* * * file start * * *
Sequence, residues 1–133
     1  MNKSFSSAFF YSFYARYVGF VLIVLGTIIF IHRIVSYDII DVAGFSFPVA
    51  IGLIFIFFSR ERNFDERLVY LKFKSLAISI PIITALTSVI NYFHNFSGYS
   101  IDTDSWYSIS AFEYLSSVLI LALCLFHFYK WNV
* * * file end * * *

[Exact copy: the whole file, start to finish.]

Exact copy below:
Sequence, residues 1–133
     1  MNKSFSSAFF YSFYARYVGF VLIVLGTIIF IHRIVSYDII DVAGFSFPVA
    51  IGLIFIFFSR ERNFDERLVY LKFKSLAISI PIITALTSVI NYFHNFSGYS
   101  IDTDSWYSIS AFEYLSSVLI LALCLFHFYK WNV